sitepress/sitepress

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sitepress-core/lib/sitepress/path.rb

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require "pathname"
require "mime-types"

module Sitepress
  class Path
    # Default handler extensions. Handlers are anything that render or
    # manipulate the contents of the file into a different output, like
    # ERB or HAML.
    HANDLER_EXTENSIONS = %i[haml erb md markdown]

    # The root node name is a blank string.
    ROOT_NODE_NAME = "".freeze

    # The name of the root path
    ROOT_PATH = "/".freeze

    attr_reader :handler, :format, :path, :node_name, :dirname, :basename

    # When Rails boots, it sets the handler extensions so that paths
    # can be properly parsed.
    class << self
      attr_writer :handler_extensions

      def handler_extensions
        @handler_extensions ||= HANDLER_EXTENSIONS
      end
    end

    def initialize(path, path_seperator: File::SEPARATOR, handler_extensions: self.class.handler_extensions)
      @path = path.to_s
      @path_seperator = Regexp.new(path_seperator)
      @handler_extensions = handler_extensions
      parse
    end

    def node_names
      @node_names ||= node_name_ancestors.push(node_name)
    end

    # Necessary for operations like `File.read path` where `path` is an instance
    # of this object.
    def to_str
      @path
    end
    alias :to_s :to_str

    def ==(path)
      to_s == path.to_s
    end

    def exists?
      File.exists? path
    end

    def expand_path
      File.expand_path path
    end

    def format
      (handler_is_format? ? handler : @format)&.to_sym
    end

    private
      # TODO: I don't want to look this up everytime I try to figure out the
      # extension. I'll have to create an extension registry .

      # Rails has handlers, like `:html` and `:raw` that are both
      # handlers and formats. If we don't account for this, then the object
      # would return a `nil` for a file named `blah.html`.
      def handler_is_format?
        return false if @handler.nil?
        @format.nil? and MIME::Types.type_for(@handler.to_s).any?
      end

      def parse
        @dirname, @basename = File.split(path)
        parse_basename
      end

      # Given a filename, this will work out the extensions, formats, and node_name.
      def parse_basename
        base = basename
        filename, extname = split_filename(base)

        # This is a root path, so we have to treat it a little differently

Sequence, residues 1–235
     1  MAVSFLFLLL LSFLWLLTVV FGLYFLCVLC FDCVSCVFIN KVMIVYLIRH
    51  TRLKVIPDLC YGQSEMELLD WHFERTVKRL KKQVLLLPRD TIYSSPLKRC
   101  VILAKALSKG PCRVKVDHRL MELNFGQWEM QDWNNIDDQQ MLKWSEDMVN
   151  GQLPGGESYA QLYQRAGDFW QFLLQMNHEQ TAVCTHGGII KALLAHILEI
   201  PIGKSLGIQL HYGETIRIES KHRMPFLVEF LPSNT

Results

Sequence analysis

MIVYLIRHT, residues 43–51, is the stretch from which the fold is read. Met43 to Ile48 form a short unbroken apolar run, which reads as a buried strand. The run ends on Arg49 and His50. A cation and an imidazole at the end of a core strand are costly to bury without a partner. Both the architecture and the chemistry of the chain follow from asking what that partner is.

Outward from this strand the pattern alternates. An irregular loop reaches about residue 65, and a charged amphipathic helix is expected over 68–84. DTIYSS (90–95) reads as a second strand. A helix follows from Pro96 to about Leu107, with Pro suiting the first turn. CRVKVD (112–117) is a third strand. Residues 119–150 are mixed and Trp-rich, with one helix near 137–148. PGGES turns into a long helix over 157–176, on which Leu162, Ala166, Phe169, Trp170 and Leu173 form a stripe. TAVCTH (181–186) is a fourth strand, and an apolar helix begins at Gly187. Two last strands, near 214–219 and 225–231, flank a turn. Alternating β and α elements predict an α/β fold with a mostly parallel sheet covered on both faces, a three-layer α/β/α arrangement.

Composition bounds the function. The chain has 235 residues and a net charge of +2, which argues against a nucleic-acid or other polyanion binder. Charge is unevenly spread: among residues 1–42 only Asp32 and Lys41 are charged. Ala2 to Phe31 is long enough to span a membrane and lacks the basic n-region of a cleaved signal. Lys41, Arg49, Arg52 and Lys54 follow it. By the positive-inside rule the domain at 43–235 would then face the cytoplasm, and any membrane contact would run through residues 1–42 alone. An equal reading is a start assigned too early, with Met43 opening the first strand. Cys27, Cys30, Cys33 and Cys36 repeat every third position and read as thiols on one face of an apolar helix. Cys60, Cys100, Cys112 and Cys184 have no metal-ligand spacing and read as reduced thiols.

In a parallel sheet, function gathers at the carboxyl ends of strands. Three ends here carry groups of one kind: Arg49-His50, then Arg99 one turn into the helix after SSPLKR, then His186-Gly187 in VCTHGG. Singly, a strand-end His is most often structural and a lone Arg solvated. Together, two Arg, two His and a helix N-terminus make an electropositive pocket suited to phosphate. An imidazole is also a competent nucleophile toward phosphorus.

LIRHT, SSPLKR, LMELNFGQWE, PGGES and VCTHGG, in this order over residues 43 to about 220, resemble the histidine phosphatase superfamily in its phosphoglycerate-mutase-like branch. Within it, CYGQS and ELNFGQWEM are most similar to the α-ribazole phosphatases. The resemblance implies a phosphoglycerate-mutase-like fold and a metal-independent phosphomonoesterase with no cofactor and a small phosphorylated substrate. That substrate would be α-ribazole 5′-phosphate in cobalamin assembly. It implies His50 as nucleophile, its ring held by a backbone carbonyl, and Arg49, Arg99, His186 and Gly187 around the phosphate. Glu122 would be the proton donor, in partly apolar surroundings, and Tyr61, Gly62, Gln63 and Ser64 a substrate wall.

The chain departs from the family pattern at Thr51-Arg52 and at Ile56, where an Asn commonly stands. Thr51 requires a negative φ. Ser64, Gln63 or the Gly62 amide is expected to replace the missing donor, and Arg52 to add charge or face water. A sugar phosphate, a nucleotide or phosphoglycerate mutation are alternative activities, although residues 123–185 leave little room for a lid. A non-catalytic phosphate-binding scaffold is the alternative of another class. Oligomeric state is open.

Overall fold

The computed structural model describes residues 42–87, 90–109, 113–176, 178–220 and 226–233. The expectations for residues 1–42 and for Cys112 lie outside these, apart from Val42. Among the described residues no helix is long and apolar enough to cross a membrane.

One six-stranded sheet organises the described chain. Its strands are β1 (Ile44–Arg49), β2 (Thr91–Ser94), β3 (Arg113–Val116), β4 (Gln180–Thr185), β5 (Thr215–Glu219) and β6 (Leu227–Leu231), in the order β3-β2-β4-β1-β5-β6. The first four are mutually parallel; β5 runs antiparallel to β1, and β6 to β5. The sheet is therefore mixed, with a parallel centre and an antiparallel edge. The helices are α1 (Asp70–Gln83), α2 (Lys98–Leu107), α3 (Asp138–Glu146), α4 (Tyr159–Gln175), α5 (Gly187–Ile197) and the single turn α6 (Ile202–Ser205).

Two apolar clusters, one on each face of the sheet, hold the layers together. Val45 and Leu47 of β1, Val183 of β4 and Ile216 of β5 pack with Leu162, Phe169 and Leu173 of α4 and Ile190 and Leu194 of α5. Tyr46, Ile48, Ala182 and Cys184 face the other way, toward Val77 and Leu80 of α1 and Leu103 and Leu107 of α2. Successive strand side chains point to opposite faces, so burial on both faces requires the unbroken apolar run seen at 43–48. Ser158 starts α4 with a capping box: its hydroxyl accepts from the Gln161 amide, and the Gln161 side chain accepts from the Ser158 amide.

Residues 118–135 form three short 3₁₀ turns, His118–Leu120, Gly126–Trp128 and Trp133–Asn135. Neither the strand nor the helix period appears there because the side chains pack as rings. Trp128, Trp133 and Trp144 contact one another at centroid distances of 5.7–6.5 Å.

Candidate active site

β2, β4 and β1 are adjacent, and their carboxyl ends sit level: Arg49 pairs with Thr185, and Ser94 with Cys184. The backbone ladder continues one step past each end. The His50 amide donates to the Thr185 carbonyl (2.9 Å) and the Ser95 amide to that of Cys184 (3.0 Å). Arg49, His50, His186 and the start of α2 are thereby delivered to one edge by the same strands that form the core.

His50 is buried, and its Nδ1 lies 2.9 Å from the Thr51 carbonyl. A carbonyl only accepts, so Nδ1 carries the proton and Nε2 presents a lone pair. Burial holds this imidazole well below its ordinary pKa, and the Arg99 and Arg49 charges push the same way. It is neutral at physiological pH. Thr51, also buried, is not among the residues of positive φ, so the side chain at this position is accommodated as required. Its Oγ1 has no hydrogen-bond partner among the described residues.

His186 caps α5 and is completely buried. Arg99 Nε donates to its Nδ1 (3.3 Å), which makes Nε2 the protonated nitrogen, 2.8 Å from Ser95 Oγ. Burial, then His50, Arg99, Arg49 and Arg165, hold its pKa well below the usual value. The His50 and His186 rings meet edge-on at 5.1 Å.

# so that the node mapper and node names work properly.
        if filename == ROOT_PATH and extname.nil?
          @node_name = ROOT_NODE_NAME
        elsif extname
          extname = extname.to_sym

          # We have an extension! Let's figure out if its a handler or not.
          if @handler_extensions.include? extname
            # Yup, its a handler. Set those variables accordingly.
            @handler = extname
            base = filename
          end

          # Now let's get the format (e.g. :html, :xml, :json) for the path and
          # the key, which is just the basename without the format extension.
          @node_name, format = split_filename(base)
          @format = format
        else
          @node_name = filename
        end
      end

      # If given a path `/a/b/c`, thsi would return `["a", "b", "c"].
      def node_name_ancestors
        strip_leading_prefix(File.dirname(path)).split(@path_seperator)
      end

      # Make it easier to split the last extension off a filename.
      # For example, if you run `split_filename("c.taco.html")`
      # it would return `["c.taco", "html"]`. If you ran it against
      # something like `split_filename("c")`, it would return `["c"]`
      def split_filename(string)
        base, _, extension = string.rpartition(".")
        base.empty? ? [extension] : [base, extension]
      end

      # Strips leading `/` or leading `.` if the path is relative.
      def strip_leading_prefix(dirname)
        dirname.to_s.gsub(/^#{@path_seperator}|\./, "")
      end
  end
end